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Pre-Pet Counselling

Updated: Jan 7

Start pet ownership the correct way


A young white husky puppy dog with blue eyes participates in Puppy Training Classes Vancouver.
A young white husky puppy dog with blue eyes participates in Puppy Training Classes Vancouver.

The Pre-Pet Questionnaire is a helpful tool


I totally appreciate those people who go for pre-pet counselling long before they start window shopping for a new dog. Some of you will roll your eyes at that idea, thinking it sounds like a hokey, new-fangled therapy. But it’s the ideal way to start on the path to success. I also recommend that you think about the following factors before you decide to bring a dog into your life:


*Your life plans in two years (when dogs reach social maturity), five years (when dogs typically hit mid-life and might need some retraining, along with new forms of stimulation), and ten years (when dogs become seniors), If your own life goals include a lot of travel or an intensive work schedule, you might not have enough time to adequately train and bond with your dog during these critical periods.


*Whether your plans to have children in the next few years. If so, it’s ideal to get a dog at least two years before you introduce a child to the household.


* Whether your children are currently old enough to participate in training and bonding with your dog. It’s best to wait until your youngest child is at least three years of age.


*If you’re currently single, whether you plan to start a serious relationship within the next few years. Your future partner might fall for you but not necessarily your dog—and your dog might not like your partner much either.


*If you’re already in a committed relationship, whether both of you can dedicate the time the energy to caring for and bonding with the dog. If you’re going through a rocky patch, consider holding off getting a dog until your relationship is back on track.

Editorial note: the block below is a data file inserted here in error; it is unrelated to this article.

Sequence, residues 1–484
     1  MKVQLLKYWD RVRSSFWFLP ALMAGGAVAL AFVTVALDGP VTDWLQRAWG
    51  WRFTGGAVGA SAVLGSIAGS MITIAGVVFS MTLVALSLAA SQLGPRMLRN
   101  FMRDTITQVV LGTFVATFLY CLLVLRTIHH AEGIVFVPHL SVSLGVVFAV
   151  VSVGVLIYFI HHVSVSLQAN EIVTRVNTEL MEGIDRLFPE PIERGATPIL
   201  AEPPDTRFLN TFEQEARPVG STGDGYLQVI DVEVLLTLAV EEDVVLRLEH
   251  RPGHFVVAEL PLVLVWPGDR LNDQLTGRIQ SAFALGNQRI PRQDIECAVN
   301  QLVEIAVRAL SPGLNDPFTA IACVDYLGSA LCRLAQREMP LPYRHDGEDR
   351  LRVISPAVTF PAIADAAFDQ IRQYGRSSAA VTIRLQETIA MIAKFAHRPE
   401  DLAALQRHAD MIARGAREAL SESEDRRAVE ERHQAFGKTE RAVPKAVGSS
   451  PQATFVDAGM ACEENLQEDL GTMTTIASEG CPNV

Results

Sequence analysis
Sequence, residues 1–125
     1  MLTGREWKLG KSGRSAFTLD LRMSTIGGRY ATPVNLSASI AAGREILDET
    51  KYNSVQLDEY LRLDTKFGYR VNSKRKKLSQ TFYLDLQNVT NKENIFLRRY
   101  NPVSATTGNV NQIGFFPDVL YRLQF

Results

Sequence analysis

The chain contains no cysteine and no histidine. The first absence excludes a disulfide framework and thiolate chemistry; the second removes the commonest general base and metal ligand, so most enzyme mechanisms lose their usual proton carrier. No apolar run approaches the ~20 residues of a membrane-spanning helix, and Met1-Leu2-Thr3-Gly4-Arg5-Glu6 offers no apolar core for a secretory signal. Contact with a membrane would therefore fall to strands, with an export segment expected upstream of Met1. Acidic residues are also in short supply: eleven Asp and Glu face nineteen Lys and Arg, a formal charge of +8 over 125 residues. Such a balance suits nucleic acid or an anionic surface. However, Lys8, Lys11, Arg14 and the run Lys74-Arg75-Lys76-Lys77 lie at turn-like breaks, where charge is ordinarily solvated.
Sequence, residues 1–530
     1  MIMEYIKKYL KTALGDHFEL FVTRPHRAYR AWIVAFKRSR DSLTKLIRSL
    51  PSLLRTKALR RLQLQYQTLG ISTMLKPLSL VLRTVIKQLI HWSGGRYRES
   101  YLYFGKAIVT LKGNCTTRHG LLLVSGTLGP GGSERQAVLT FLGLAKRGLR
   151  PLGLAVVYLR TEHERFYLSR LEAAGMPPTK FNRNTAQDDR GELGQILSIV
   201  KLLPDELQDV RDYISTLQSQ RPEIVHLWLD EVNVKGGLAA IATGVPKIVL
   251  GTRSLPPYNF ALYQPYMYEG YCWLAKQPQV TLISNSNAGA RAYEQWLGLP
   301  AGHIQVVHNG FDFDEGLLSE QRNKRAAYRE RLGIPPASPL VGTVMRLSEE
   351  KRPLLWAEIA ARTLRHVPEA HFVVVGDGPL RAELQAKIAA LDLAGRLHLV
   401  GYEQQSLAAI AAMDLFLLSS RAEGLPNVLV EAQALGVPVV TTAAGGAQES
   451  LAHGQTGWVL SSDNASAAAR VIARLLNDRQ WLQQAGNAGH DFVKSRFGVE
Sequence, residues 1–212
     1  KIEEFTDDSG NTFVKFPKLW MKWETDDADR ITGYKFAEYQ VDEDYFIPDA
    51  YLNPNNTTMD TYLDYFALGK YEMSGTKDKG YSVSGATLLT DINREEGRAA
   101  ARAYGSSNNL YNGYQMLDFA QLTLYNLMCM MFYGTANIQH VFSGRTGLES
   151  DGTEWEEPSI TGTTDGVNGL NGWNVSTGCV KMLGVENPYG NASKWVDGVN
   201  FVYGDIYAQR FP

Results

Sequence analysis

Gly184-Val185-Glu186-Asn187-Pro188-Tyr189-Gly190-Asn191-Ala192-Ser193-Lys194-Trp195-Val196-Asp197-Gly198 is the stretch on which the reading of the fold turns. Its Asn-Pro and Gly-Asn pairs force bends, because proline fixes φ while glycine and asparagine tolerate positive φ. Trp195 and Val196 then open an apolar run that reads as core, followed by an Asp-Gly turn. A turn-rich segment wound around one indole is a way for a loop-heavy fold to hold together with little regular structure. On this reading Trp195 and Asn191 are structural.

Recap: Why Do You Want A Dog?


Whether you’re thinking about adding a dog to your life or you already have one in your family pack, I hope you’ll take some time to think why you want a dog, what kind of relationship you want with that dog, and how you define success in the mix, so you have a realistic set of goals before you start training your pet to become a healthy member of your family pack.

If you already have a dog and this process makes you realize you had unrealistic expectations or weren’t well prepared to devote the necessary time and effort needed to train and bond with that dog, don’t beat yourself over the head about what-ifs related to your past—my intentions are quite the opposite! Just acknowledge those factors so you can move forward with a new set of goals.

Before we get into the hands-on training, here is a quick recap of some important factors to consider before you bring a dog into your family, or at least before you start a new training program with your canine companion:


Consider these critical factors before bringing a dog home

  • Interview yourself and every member of your family pack about why you want a dog in the family, how you want to share your life with that dog, and what a successful interspecies bond means to you.

  • Identify the myths, fantasies, and unrealistic expectations that might negatively impact your relationship with your dog---and do your best to avoid saddling your dog with fairy-tale ideals.

  • Choose a breed that best fits your lifestyle, but remember that each dog has its own unique personality and that, just like humans, no two dogs are identical.

  • Make sure that all members of the family unit are willing to help care for your dog, provide consistent leadership and spend time meeting the dog’s basic needs for exercise, mental stimulation, play, and a mixed bag of different activities that nourish his need to be active, useful, engaged member of your family.

  • Don’t expect perfection from your dog or yourself. Dog training can be quite consuming and challenging, so never expect a quick-fix, especially if your pet has developed problem behaviors. If you decide to work with a trainer, be wary of those who promise fast-track training. You might just be setting yourself up as a repeat customer---or worse, that training might damage your dog even more.

  • Never forget while dog has many needs that are similar to ours, they are also related to wild dogs and wolves. Don’t live in fear of your dog’s canine instincts, but be watchful and respectful of how those instincts can have deadly consequences.

  • The best way to prime your dog for success is to define your own personal life goals first and to assess whether you’ve strayed away from them. Develop and fortify your bonds with everyone in the family so that you’re in sync with each other when you start dog training.

  • If you are thinking about getting a dog, consider going through pre-pet counselling or sit down and assess your life plans for at least the next decade. If you don’t have a basic road map plotted for yourself, consider holding off on dog ownership until you do.



This is an excerpt from my award-winning, BEST-SELLING BOOK “UNLEASHED Chapter 1, written by Brad Pattison. Follow on socials, IG: @hustleupdogs & Facebook: Hustle Up Dog Training


If you would like to book a Pre-Pet Counselling session with Brad, please follow this link to schedule either an in person private meeting or an online Zoom meeting with him.


Email us anytime with questions & comments at info@hustleupdogtraining.ca

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